• 50. Study Skills Handbook BEWARE Direct copying (verbatim) or close paraphrasing (put into your own words but still closely following the structure and argument contained in the text) may lead to plagiarism in assessed work. Always keep notes of your sources, for example, book details, so that you can reference them. This is covered in Chapter 8. The introduction should also provide a brief outline of the information and arguments that you are going to consider and why you have chosen that approach. However, be wary of being repetitive or simply providing a list of what your assignment contains and do make sure that the essay actually does contain what you say it will. Many pieces of work lose the marker’s interest within the first few sentences, so spend time making sure that your introduction is distinguished and captivating. It is often easier to write the introduction last. Main body of essay The main body forms the substance of a piece of work. It will present your arguments with supporting evidence that you have prepared in response to the question that was set. Ensure that each paragraph makes a specific and necessary point, usually with the first line of each paragraph presenting the point that you intend to discuss within that paragraph. Your essay must flow from one paragraph to another and use linking comments to provide continuity between the paragraphs. Maintain a clear focus and be careful not to digress from the particular topic under discussion. It is important to ensure that you provide evidence to justify your claims. It is a good idea to 50 Hull University Business School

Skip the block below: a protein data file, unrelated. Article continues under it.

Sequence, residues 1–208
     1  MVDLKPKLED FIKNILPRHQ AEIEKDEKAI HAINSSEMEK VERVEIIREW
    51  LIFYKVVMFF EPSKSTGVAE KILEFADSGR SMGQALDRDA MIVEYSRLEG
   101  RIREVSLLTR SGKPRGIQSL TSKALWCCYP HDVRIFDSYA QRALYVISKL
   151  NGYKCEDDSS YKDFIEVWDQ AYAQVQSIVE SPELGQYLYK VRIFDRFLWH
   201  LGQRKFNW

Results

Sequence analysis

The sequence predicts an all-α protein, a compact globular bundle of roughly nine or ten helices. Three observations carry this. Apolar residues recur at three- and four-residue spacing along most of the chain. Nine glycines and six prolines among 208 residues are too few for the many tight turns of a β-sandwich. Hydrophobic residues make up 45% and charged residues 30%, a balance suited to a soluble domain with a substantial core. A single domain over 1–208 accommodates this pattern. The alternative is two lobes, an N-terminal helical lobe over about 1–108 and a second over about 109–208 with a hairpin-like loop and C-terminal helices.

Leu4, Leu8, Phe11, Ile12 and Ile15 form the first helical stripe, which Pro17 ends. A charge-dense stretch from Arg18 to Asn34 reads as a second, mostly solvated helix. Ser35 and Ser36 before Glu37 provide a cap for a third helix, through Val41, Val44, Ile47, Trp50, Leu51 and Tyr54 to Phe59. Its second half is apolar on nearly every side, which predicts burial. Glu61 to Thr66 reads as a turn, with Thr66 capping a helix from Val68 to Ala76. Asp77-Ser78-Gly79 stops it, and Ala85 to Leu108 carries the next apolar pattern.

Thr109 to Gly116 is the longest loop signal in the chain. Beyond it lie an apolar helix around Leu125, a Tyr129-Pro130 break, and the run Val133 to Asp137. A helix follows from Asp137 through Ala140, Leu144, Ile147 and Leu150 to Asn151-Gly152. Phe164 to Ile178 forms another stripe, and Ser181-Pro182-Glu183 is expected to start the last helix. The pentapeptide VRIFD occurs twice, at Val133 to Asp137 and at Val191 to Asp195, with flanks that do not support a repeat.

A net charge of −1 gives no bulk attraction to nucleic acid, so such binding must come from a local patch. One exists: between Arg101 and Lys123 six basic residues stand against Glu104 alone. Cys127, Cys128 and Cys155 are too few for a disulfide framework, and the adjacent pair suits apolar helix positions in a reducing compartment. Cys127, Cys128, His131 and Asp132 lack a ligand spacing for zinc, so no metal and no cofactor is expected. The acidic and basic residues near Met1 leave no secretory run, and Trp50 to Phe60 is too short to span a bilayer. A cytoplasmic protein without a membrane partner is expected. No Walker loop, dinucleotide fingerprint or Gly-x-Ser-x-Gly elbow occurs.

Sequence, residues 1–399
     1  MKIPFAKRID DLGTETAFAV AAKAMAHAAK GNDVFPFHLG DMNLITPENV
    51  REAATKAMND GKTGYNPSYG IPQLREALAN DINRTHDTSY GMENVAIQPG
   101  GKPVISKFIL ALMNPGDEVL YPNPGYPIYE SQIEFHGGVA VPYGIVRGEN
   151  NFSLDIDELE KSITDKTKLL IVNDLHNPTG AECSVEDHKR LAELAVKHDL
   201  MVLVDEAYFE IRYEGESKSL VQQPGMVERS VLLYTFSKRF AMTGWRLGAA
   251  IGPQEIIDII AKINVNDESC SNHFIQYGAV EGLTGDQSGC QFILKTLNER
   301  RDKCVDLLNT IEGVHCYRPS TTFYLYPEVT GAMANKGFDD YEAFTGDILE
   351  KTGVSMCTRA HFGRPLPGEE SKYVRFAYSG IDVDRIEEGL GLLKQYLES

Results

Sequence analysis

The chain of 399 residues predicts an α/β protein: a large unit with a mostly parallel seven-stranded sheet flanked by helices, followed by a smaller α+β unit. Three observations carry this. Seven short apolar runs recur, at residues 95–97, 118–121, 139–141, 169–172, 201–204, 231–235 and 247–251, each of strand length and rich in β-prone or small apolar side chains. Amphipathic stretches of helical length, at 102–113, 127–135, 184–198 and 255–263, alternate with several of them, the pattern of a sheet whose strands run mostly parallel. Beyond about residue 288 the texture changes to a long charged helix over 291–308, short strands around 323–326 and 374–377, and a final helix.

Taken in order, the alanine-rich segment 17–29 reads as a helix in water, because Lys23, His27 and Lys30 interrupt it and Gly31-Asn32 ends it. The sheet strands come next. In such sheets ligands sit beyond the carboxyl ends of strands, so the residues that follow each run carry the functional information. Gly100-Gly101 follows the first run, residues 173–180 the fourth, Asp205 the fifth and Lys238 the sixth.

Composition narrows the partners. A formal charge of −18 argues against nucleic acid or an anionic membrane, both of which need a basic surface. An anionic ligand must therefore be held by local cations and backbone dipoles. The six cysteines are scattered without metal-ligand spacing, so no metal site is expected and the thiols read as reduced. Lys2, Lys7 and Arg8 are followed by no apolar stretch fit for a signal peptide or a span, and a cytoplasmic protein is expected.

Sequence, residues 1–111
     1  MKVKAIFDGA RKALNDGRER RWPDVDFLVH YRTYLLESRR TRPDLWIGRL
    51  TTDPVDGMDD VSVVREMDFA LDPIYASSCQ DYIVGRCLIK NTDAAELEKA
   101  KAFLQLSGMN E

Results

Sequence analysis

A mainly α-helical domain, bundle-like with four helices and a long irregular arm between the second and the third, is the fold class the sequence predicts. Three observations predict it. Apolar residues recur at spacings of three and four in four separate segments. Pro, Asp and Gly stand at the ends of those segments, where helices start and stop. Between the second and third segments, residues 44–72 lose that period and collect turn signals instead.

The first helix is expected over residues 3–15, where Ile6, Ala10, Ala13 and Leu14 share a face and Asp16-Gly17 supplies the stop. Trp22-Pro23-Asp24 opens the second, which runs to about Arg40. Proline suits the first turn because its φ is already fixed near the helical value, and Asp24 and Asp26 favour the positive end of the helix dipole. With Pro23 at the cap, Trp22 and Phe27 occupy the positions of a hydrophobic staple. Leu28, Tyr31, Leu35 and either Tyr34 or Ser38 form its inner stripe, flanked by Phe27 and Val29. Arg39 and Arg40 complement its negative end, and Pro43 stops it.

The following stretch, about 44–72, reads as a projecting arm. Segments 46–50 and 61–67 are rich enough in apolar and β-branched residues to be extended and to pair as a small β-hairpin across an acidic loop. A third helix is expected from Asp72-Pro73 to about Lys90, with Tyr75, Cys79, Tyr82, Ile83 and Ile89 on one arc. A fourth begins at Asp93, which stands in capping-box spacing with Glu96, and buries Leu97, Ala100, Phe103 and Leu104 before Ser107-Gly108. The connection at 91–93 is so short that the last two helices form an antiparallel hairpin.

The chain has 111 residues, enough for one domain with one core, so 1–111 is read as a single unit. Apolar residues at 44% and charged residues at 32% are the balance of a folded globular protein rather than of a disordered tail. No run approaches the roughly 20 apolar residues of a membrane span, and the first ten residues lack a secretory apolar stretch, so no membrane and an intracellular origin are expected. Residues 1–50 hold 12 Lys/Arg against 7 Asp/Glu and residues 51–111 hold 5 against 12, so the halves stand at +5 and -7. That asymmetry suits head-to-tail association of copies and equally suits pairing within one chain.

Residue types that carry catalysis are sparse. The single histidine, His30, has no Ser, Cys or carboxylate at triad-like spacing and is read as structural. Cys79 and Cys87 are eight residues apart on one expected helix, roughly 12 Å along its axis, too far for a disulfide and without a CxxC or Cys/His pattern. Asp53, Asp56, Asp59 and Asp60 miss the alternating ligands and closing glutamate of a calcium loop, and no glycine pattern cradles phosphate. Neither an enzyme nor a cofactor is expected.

• 51. include a few short quotations to support your findings and these also demonstrate your use of different information sources. Providing relevant examples that illustrate the points you make can bring your writing to life and show that you understand your material. Conclusion The conclusion should provide a summary of the key ideas or issues, and your concluding thoughts that either answer or respond to the main question. Your conclusion should not include new ideas or evidence. Similar to the introduction, it helps if the conclusion is not repetitive but gives a reflective overview of the issues discussed and ends with a snappy sentence or two that maintains the marker’s interest to the very end. Bibliography At the end of your assignment you need to include a bibliography or list of references. It is important to use the title Bibliography for this section of your work as this will mean this section is ignored by Turnitin. Remember to include all the items that you referred to in the assignment in your bibliography. Chapter 8 provides examples of the format the bibliography should take The bibliography is a vital and essential part of any piece of written work. It serves to provide the reader with a comprehensive list of the sources and material that you have referred to or quoted from in your essay. It further provides sufficient information to enable the reader to locate them if they want to clarify a point or seek further information. Tutors will use it to check on your information sources and they may also alert you to an important reference that has been omitted from your work. If you do not use a particular source then do not include it in your bibliography. Your tutor will be able to identify from the content of your assignment whether or not you have referred to that source. Trying to convince the reader you have undertaken more research than you have actually done is deceitful. Hull University Business School 51